Turning Point

Transforming problems into opportunities.

An Incredible Story of Forgiveness

How a young man forgave his mother's assassin.

Greetings from Medellin, Colombia. I want to share with you an incredible story that a 24-year-old young man shared with me yesterday. It's a story of forgiveness, redemption and hope. It's a story that connects us with the essence of life. What this story reminded me of, is that though the life of my friend was marked by unspeakable violence and terrible loss, his life is also an inspiring story of hope, resilience, and strength.

Once again, as I was listening to these stories, I had to recall what anthropologist Michael Taussig wrote about the culture of terror, which is that the space of death—where torture, killings, and disappearances happen—is preeminently a space of transformation; through the experience of death comes life!

Meet, Didier, a friend from Medellin. When he was only 11 years old, Didier witnessed the killing of his mother, a street vendor. Yesterday he took me to the spot where his mother was killed with 38 bullets. Dider was next to his mom when he saw her drop dead. 

As a reaction to his mom's killing, Didier went down a self-destructive path and embraced a life of drugs, alcohol and crime for four years. “In drugs and alcohol I looked for the love that was taken away from me with the assassination of my mother,” he told me at some point.

In those years, Didier was also thinking about retaliation and vengeance. People in the neighborhood told him who the killer of his mom was. He was not living far away from Didier’s home. Planning his vengeance, Didier started collecting guns and even two grenades in his room. At night he would cry and think of how he would kill his mother’s assassin, but he never found the courage to do so.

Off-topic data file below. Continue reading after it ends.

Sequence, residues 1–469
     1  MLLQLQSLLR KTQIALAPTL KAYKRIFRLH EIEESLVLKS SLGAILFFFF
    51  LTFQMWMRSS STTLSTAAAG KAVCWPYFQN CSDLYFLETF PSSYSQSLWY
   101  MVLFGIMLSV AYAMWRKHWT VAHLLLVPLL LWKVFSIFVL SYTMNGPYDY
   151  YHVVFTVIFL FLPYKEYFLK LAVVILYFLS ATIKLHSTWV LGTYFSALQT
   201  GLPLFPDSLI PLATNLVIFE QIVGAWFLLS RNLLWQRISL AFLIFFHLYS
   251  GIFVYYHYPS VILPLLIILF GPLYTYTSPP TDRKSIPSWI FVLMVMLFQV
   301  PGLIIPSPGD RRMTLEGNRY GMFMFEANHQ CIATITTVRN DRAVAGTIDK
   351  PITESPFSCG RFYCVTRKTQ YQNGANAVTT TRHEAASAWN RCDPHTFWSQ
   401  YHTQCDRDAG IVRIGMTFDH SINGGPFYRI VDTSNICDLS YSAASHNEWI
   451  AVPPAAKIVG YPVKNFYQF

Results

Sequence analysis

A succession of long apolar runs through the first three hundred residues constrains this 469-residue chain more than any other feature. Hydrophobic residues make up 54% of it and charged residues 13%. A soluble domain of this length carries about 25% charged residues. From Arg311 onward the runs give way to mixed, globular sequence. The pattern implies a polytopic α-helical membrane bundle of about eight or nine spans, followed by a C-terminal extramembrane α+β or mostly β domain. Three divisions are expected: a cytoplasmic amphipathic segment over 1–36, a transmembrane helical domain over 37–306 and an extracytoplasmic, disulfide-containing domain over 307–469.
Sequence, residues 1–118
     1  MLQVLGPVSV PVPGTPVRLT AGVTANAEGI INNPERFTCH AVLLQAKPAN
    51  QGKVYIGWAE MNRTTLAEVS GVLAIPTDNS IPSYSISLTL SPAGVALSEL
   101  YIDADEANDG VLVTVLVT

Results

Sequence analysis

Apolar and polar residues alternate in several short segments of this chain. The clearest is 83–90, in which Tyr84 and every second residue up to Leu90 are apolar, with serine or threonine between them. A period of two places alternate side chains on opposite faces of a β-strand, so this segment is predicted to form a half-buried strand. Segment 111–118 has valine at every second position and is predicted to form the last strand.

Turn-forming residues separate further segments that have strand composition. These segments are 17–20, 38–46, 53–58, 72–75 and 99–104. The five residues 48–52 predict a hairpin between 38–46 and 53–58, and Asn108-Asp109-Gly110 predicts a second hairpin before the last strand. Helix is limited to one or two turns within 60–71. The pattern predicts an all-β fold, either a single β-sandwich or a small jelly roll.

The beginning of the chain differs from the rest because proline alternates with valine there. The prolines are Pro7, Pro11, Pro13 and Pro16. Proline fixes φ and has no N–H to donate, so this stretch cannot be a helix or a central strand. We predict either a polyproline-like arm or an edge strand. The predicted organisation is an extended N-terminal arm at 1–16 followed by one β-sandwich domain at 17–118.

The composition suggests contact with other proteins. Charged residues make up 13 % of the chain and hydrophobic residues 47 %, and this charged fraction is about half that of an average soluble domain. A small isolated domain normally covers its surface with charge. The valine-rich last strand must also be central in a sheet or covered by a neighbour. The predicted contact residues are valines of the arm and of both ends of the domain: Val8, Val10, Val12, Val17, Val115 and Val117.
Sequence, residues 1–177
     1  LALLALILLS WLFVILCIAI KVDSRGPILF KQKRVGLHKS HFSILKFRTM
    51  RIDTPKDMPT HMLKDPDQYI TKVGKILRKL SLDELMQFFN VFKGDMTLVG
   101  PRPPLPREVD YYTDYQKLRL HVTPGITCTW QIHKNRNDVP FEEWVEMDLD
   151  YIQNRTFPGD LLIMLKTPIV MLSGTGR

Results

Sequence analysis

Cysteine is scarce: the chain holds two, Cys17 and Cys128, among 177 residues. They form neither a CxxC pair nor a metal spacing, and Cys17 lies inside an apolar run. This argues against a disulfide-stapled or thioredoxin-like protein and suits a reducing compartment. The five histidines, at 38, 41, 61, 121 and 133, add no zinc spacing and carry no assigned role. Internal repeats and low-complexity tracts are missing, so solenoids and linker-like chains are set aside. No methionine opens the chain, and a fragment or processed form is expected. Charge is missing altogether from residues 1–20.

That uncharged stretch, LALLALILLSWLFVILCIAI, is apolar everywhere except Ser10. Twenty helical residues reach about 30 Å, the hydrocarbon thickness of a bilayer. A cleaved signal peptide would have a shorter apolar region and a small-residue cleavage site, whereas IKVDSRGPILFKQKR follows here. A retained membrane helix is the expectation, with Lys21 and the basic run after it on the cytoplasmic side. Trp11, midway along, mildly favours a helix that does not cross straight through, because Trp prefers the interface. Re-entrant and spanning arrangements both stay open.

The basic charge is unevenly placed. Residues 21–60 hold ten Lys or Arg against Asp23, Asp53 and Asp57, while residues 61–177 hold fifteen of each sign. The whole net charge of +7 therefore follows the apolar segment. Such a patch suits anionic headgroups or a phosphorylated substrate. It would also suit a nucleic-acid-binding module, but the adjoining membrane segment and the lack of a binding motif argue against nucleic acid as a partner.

The opportunity for change arrived when a friend, belonging to a Christian church, approached Didier. He was skeptical and dismissive at first but eventually accepted the words and the invitation of his friend. As he was realizing that the hatred he was harboring in his heart was consuming his soul and was killing him, he found the strength and the courage to forgive the man who killed his mom.

One day Didier saw the killer sitting on the the street curb. He joined him, sat next to him and asked him why he had killed his mother. The man broke down sobbing. Those tears were, for Didier, the confirmation that the man was the one who shot his mother to death.

Some time later, Didier ran into the man again. He went up to him and told him, “I don’t know why you killed my mother, but I forgive you.” Didier embraced the man, and the guy once again broke down in sobs.

Only recently did Didier discover that it was indeed someone else who had killed his mother. He learned it from a friend, who inquired if Didier had indeed forgiven his mother’s assassin. When he was assured, Didier’s friend confessed to him, “My brother killed your mother.” Since, Didier has been trying to find the whereabouts of the killer, because he learned that he is facing troubles. “I want to give him my forgiveness, and try to help him,” Didier told me.

For the past few years, Didier has been helping other youth who are facing trouble and problems. In a couple of months, he is planning of studying social work at a university. He has become an authentic and transformational leader. A source of hope and wisdom for many. “If I was able to change and to forgive, then others can do so as well.”

Aldo Civico, Ph.D., is an anthropologist and a conflict resolution expert. He is an anthropology professor at Rutgers University and the founder of The International Institute for Peace.
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